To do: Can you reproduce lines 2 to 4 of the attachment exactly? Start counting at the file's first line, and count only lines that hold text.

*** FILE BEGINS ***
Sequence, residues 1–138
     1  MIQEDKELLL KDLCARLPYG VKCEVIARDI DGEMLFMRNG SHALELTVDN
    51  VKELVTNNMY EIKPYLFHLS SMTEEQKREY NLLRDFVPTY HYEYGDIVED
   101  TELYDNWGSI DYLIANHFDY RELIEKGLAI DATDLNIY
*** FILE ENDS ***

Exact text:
     1  MIQEDKELLL KDLCARLPYG VKCEVIARDI DGEMLFMRNG SHALELTVDN
    51  VKELVTNNMY EIKPYLFHLS SMTEEQKREY NLLRDFVPTY HYEYGDIVED
   101  TELYDNWGSI DYLIANHFDY RELIEKGLAI DATDLNIY